Court back father’s plan to take son to dangerous area
March 30, 2017 3 comments
The father of a five year-old boy may take him to an occasionally dangerous country, the High Court has ruled.
The case concerned an “Asian” man and his partner, who came from an unspecified European country. Both have studied and worked in England for a number of years.
Following their acrimonious separation shortly after the birth of ‘W’, the father continued to have see his son. But conflict arose when the father announced plans to take the boy to visit his family back in his country of origin, which also remained unspecified to protect the boy’s identity. The country in question had experienced conflict and the mother was very worried about her son’s safety during the planned trip.
The father applied to the High Court for permission to go without the mother’s conset. His ex-partner explained to the court that she was anxious about “civil disorder” in the country and the possibilityi of the father’s parents being kidnapped or assassinated because both were “very senior civil servants”. The country had experienced terrorism in the past. She would not be able to help W, she said, if he got into difficulties.
But, sitting at the High Court, Mr Justice Peter Jackson concluded that the boy would benefit from visiting his father’s family in spite of the “unrest” in the country. The potential gains outweighed the risks, he believed.
“I think the risk to [the boy’s] security is a background factor, but I find that it is hugely outweighed by the short, medium and long-term advantages to him of having his own experience of his paternal heritage and his knowledge of his large paternal family.”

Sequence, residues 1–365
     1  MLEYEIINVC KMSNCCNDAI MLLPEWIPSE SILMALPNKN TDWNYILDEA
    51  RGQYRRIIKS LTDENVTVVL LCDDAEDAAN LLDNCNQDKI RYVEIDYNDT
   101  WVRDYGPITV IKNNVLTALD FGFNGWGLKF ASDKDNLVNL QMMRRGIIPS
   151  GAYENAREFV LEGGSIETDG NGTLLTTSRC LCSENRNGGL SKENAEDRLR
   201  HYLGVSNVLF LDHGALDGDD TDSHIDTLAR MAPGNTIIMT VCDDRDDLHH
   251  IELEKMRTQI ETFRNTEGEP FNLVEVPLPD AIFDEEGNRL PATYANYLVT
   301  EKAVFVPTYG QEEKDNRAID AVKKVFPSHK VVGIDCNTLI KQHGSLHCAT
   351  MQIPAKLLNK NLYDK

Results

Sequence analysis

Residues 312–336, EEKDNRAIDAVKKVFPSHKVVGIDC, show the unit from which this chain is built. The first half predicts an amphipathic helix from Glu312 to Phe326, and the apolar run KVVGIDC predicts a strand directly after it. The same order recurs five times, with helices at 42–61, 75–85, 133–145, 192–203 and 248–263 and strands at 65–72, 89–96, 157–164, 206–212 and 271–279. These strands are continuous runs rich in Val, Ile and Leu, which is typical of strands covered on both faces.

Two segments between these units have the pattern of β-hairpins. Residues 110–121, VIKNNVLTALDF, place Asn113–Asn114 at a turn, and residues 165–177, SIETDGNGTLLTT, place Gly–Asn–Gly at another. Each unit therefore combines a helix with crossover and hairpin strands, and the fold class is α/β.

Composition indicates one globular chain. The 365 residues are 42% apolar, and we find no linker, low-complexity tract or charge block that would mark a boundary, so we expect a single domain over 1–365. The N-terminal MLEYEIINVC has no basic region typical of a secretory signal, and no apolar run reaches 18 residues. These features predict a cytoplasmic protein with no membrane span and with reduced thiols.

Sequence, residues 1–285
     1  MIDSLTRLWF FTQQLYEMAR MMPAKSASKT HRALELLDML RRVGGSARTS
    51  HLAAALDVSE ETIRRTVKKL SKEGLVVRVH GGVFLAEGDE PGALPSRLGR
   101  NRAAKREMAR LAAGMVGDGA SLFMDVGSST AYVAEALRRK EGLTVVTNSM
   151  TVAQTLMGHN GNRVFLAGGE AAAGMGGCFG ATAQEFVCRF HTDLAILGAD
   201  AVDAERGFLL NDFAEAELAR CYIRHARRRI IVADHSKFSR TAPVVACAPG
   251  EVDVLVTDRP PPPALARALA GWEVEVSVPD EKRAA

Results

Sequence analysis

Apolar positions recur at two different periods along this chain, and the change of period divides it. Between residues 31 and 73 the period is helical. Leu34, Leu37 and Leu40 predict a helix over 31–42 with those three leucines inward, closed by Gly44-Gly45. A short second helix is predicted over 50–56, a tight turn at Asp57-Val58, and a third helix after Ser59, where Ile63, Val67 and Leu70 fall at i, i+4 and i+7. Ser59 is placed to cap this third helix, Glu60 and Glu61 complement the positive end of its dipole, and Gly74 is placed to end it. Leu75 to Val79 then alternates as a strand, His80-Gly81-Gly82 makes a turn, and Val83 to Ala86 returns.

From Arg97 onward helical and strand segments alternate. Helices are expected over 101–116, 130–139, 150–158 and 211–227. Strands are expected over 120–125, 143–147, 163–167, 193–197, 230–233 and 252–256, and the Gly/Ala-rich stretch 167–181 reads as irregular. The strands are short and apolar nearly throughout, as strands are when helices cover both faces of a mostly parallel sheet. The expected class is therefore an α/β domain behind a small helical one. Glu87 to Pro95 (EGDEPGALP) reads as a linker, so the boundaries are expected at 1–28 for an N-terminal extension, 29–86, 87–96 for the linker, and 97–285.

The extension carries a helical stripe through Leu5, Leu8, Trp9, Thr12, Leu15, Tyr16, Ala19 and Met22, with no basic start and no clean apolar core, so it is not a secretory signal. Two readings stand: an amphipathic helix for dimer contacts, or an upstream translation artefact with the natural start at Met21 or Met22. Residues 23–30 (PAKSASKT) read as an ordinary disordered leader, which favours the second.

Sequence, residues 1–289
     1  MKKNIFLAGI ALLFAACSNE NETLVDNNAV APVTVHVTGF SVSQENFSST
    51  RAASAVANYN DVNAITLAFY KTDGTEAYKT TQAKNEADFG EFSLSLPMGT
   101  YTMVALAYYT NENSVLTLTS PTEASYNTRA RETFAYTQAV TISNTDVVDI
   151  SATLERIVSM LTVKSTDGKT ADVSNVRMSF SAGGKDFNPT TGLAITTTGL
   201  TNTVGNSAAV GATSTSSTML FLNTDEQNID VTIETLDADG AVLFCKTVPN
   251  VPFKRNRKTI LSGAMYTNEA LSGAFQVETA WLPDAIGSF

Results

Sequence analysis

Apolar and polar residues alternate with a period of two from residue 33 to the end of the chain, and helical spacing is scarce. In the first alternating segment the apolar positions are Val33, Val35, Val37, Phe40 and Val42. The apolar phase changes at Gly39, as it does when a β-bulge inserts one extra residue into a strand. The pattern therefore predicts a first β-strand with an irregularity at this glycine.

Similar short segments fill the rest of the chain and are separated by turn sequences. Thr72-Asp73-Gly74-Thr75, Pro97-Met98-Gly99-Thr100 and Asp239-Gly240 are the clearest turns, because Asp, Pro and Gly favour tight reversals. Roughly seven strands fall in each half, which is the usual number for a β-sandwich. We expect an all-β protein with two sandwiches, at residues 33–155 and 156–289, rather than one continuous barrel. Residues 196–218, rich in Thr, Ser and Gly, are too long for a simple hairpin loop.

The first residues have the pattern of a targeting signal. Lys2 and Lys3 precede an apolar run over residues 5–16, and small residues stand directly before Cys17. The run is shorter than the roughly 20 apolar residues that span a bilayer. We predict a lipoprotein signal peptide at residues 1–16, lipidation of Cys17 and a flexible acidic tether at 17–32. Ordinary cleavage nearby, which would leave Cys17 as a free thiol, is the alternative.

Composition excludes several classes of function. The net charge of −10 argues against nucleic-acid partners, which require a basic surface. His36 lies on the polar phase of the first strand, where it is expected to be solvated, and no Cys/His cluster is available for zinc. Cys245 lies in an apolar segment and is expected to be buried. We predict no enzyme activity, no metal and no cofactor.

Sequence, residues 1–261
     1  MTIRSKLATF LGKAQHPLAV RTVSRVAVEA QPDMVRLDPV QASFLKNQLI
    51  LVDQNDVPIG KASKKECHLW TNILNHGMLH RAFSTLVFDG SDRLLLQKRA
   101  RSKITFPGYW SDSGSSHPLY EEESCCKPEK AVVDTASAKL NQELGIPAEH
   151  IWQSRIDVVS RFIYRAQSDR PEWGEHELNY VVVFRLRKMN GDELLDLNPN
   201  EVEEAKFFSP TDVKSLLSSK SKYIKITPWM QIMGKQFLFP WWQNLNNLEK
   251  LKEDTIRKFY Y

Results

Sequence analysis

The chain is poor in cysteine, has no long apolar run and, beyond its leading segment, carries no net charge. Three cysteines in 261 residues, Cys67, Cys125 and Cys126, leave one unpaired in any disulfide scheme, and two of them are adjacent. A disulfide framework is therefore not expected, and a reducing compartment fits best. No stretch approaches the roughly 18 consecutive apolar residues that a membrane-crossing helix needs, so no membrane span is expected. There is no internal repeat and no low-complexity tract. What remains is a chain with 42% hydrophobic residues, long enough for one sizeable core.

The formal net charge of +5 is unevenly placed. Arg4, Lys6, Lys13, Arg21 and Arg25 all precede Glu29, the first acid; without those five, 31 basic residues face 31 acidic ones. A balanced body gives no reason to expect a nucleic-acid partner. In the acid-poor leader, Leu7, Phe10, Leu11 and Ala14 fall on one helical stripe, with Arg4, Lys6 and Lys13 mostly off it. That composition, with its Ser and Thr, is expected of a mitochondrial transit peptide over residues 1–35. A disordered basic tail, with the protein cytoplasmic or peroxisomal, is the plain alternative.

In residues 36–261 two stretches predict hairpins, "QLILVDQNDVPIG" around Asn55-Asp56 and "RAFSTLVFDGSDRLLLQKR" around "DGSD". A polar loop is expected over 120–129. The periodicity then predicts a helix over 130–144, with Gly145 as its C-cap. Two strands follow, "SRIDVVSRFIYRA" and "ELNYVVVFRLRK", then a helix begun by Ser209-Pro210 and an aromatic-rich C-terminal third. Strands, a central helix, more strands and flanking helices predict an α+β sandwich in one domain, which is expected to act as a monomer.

The veteran judge described the well-travelled W as “a very modern child with an unusually rich heritage.”
In his ruling, Mr Justice Peter Jackson stressed that the father’s parents lived in a prosperous area in a well-guarded home. A distinction needed to be made, he explained, between dangerous destinations and people’s country of origin.
“To say to somebody that they should not take their children on holiday to a country that is experiencing unrest might be a very strong argument if they were going there purely for pleasure, but it has to be looked at in context if you are in fact addressing a family who originate there and who may have entirely different needs. In this case what is significant, to my mind, is that the father himself and his two brothers and his sister, and all the six children of his siblings and his parents have lived in stable conditions. There is no report of any attempt, still less a successful one, to threaten their security and the cousins who W knows from their visits to London have grown up safe and well.”
The Judge therefore ruled that W should be allowed to travel back to the country with his father for a maximum period of two weeks a year.
Image by pidoubleg via Flickr
March 30, 2017
Categories: Family Law